National and state Teachers of the Year represent the most exemplary teaching occurring in classrooms. Many current and former Teachers of the Year support the Common Core State Standards and are stepping forward to highlight that support. Here is what they have to say:
By Erin Sponaugle, the Charleston Gazette (WV)
February 8, 2014
"We fear what we do not know or understand - and unfortunately, fear is driving much of the opposition to the Common Core. It has been misstated that the Common Core State Standards are federally mandated, when in fact they have been voluntarily adopted in 45 states. The federal government hasn't, and won't, dictate what curriculum states must adopt for their classrooms. States chose the Common Core standards because their clear, rigorous expectations will elevate the performance of our students so they are globally competitive.
"Allowing more in-depth teaching, instead of having to quickly touch base on multiple topics, can create learning experiences for our students that are not only memorable but develop targeted skills to mastery." And, "If you open my classroom door and walk inside, you wouldn't see Common Core. You'd see children - 10- and 11-year-olds on the cusp of adolescence. You'd see them engaged in conversations about the fairness of the Trail of Tears, creating multimedia presentations on endangered animals and their habitats, and using restaurant menus to price the perfect evening meal (by multiplying decimals, of course). My students are engaged, they're motivated, and they're learning, and that's what the common core standards are all about-preparing our children to be confident and capable in an ever-more competitive world."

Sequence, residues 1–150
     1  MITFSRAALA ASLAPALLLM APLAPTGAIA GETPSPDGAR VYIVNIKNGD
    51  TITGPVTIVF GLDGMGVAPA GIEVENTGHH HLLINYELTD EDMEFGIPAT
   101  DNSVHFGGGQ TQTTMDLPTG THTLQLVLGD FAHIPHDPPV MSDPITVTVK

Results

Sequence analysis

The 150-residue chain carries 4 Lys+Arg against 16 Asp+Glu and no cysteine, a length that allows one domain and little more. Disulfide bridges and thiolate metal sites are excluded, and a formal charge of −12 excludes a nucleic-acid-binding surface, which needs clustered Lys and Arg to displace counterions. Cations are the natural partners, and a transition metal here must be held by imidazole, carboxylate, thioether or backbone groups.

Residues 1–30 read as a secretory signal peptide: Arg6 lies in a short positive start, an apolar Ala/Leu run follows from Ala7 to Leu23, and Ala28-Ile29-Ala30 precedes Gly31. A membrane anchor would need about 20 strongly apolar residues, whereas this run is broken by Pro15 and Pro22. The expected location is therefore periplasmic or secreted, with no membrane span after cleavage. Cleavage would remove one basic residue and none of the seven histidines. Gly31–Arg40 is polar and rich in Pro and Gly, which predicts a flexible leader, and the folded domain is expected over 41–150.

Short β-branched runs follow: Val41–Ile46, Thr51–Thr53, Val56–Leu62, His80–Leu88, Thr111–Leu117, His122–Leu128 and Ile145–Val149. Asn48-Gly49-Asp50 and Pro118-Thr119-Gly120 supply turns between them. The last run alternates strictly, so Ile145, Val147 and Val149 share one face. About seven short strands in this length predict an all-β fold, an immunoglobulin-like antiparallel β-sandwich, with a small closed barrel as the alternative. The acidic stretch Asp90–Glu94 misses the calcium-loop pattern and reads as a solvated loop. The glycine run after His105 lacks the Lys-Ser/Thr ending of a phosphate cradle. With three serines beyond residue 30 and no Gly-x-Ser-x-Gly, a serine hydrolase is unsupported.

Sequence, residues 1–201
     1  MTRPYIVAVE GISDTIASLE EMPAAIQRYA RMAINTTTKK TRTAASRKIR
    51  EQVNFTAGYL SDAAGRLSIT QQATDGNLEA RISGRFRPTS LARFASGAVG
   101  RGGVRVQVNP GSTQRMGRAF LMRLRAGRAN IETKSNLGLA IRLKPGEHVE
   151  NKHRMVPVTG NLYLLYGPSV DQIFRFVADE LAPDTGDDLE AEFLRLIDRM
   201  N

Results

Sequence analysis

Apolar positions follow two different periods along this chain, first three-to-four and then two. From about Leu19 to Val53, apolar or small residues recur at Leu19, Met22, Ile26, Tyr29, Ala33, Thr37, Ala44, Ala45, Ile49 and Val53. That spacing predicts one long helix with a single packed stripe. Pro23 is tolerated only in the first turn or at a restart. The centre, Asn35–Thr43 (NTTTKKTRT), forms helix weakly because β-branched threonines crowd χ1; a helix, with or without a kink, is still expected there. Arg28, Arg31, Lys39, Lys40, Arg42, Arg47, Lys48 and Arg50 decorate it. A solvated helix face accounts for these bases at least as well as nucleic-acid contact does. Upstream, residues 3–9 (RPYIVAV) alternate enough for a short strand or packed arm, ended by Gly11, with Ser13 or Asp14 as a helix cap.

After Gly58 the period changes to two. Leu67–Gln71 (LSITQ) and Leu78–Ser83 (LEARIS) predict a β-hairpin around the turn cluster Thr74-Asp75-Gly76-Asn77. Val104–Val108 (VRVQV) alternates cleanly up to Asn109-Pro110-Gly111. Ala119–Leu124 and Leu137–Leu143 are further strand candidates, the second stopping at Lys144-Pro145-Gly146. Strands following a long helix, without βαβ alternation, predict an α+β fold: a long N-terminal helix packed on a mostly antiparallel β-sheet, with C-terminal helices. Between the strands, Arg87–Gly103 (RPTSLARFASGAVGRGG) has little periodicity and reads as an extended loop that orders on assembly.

Ms. Sponaugle is the 2014 West Virginia Teacher of the Year.
By Alicia Canales, Phoenix Business Journal (AZ)
January 27, 2014
"The new standards are more rigorous than the past ones, according to Amanda McAdams, the 2011 Arizona Teacher of the Year. McAdams, also the English Language Arts and Student Government curriculum coordinator for the Glendale Union High School district, said the standards involve more critical thinking and application in all areas." And, "'Like for math, instead of memorizing and looking at problems and knowing which formula to apply, they now know why the formula is asking them to do what it's doing,' McAdams said."
By Caroline McCullen, News & Observer (NC)
January 15, 2014
"Staying firmly on the path of the strong education standards of Common Core will assure North Carolina's citizens and business community that our students and future employees are challenged in the classroom and prepared to compete in the global economy.
"If we really want to get an accurate picture of how well North Carolina students are performing compared with fellow N.C. students and those in other states, we need tests that align with the higher standards that the state has wisely adopted. I applaud the courage and commitment that education leaders have demonstrated by setting college- and career-ready standards and by introducing assessments that will provide a true picture of our how students are doing. I also thank legislative leaders, state Board of Education members and the governor for demanding high education standards for our students.
"We should also understand that implementing Common Core does not mean North Carolina is ceding any of its authority to the federal government or to a national organization. Instead, the implementation of Common Core means we are finally taking responsibility for the educational standards needed to compete for future jobs and implementing objective tests that will provide solid comparative feedback on our students' progress."
Ms. McCullen is a former National Technology Teacher of the Year.
Achieve has developed materials to help states, districts, and others understand the organization and content of the standards and the content and evidence base used to support the standards. Visit www.achieve.org/achieving-common-core. If you find a news clip supportive of the Common Core, please send it to Chad Colby at firstname.lastname@example.org.